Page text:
02 May Participatory Budgeting Expanding in San Francisco
By Aaron Davis and Alison Littman
During the week of May 5, 2014, residents in three Districts of San Francisco cast their ballots for the City’s 2014 installment of Participatory Budgeting (PB) – a grassroots, community-based process which allows individuals to propose projects, discuss ideas at public meetings, and vote on the use of public funds to benefit their communities. District 3 was the first in San Francisco to participate in PB in 2013; Districts 7 and 10 joined for 2014, with each District putting $100,000 into the hands of the public.
Katz & Associates began working with the Office of the Controller in February of 2014 to design and implement a communication and outreach plan to raise awareness of PB and encourage residents to submit project proposals – and of course, to vote. The project proved to be a race against the clock, with just over two months to schedule five public meetings, generate and vett through public project proposals, determine the final ballot, and conduct voting – with all projects slated to be identified and funded before June 30, 2014 fiscal year. This made the use of web-based proposals and voting critical to the success of the project.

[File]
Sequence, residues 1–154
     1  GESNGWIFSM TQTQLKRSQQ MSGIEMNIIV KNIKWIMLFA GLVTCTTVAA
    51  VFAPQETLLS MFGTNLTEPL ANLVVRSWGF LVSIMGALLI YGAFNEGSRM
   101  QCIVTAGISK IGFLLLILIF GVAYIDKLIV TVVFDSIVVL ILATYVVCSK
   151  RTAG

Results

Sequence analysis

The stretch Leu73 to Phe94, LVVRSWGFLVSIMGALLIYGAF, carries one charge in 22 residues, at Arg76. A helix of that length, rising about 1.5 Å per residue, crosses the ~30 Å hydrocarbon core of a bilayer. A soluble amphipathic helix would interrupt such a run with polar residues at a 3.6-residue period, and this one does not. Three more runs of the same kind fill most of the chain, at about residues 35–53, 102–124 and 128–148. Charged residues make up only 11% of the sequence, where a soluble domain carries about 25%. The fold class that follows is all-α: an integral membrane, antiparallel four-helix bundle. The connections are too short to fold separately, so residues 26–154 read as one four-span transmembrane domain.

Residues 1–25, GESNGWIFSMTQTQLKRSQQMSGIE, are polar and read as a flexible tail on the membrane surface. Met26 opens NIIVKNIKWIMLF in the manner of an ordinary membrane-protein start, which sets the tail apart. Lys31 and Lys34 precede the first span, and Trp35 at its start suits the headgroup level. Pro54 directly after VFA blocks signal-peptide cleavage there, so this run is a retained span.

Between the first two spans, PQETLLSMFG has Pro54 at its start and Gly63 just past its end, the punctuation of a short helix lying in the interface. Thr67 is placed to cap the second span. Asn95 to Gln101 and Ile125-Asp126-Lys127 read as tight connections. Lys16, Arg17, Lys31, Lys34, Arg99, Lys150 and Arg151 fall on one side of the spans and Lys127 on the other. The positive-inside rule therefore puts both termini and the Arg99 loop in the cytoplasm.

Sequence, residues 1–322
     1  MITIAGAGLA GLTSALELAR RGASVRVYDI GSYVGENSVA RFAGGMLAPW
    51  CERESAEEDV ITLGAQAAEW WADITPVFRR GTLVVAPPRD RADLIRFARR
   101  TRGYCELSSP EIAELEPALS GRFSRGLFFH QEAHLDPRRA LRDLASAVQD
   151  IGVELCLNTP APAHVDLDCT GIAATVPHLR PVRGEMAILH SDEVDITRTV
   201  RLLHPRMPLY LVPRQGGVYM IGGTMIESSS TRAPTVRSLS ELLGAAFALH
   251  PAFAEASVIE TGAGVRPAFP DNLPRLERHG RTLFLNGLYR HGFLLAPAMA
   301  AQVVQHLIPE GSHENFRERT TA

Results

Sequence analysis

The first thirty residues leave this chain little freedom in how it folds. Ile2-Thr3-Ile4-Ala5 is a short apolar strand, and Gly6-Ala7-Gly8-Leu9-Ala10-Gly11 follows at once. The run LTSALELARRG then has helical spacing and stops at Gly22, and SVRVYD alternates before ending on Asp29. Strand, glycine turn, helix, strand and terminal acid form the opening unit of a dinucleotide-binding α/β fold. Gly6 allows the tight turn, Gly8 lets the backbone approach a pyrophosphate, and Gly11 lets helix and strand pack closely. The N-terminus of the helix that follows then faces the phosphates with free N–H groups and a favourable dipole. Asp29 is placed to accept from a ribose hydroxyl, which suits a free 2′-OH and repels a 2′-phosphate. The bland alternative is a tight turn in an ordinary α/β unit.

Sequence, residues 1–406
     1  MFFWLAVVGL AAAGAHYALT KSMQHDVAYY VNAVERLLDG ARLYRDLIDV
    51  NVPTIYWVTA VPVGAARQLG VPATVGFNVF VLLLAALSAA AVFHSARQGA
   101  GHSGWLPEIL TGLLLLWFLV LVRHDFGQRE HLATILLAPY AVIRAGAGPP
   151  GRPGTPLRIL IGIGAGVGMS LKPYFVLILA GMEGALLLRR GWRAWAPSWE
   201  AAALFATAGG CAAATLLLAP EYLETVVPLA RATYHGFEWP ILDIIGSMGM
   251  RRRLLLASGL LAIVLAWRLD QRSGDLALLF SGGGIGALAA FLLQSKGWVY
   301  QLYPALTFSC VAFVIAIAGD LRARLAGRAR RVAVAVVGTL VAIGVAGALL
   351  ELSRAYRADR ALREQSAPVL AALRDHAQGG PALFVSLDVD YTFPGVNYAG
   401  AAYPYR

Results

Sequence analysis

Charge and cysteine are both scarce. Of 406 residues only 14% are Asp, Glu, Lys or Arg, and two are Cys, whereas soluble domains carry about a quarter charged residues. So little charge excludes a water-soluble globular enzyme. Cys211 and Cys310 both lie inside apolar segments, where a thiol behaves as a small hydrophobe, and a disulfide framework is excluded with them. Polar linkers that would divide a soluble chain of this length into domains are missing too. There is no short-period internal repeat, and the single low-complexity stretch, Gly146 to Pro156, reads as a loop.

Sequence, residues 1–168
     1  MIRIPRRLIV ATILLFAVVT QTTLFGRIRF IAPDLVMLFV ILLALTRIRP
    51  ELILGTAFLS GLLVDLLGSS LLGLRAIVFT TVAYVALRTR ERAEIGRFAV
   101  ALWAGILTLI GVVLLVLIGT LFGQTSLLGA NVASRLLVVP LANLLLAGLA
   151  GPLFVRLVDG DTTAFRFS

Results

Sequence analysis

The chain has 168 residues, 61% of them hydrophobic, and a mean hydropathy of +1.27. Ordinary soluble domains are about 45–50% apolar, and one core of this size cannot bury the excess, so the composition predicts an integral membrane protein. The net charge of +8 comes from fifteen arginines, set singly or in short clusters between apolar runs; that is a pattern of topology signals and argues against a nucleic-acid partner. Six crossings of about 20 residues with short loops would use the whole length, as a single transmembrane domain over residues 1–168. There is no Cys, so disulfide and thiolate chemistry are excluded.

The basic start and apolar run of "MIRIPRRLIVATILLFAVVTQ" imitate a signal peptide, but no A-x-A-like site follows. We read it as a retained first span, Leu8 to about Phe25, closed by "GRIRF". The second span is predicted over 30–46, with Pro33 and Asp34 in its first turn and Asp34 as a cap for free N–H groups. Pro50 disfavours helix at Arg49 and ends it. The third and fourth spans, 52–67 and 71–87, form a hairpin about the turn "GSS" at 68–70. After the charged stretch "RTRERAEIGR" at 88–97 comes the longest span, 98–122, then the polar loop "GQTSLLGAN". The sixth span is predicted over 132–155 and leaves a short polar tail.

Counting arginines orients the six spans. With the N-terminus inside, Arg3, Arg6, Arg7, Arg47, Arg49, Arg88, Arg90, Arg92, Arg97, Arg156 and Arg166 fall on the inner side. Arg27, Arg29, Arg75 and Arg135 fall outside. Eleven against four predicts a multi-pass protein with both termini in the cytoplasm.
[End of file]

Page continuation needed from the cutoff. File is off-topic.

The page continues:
In other cities where the process has been implemented (Chicago, New York, London, etc.), PB has traditionally lived primarily in public forums and has not relied heavily on web-based application or voting processes – however, Katz and the City determined that it would be essential to expand upon the project’s reach under tight time constraints.
Our team was able to design a website with an embedded project submission form and go live in less than two weeks, and at a minimal cost to the client. The online form generated between 30 to 40 proposals for each District, which were pared down to 18 to 25 projects for each final ballot. However, the real dividends of the site came during voting, where more than 1,500 eligible voters cast PB ballots online across all three Districts. With the addition of in-person votes, more than 1,900 total voters participated in the process.
In addition to web presence, Katz’s San Francisco team was instrumental not only in facilitating public meetings and group project discussions, but also in spreading the word to District residents about the availability of public money through PB. Winning projects were announced to District residents in early June, with all projects scheduled to be completed by City departments during the upcoming year.
Have a look at www.sfpb.net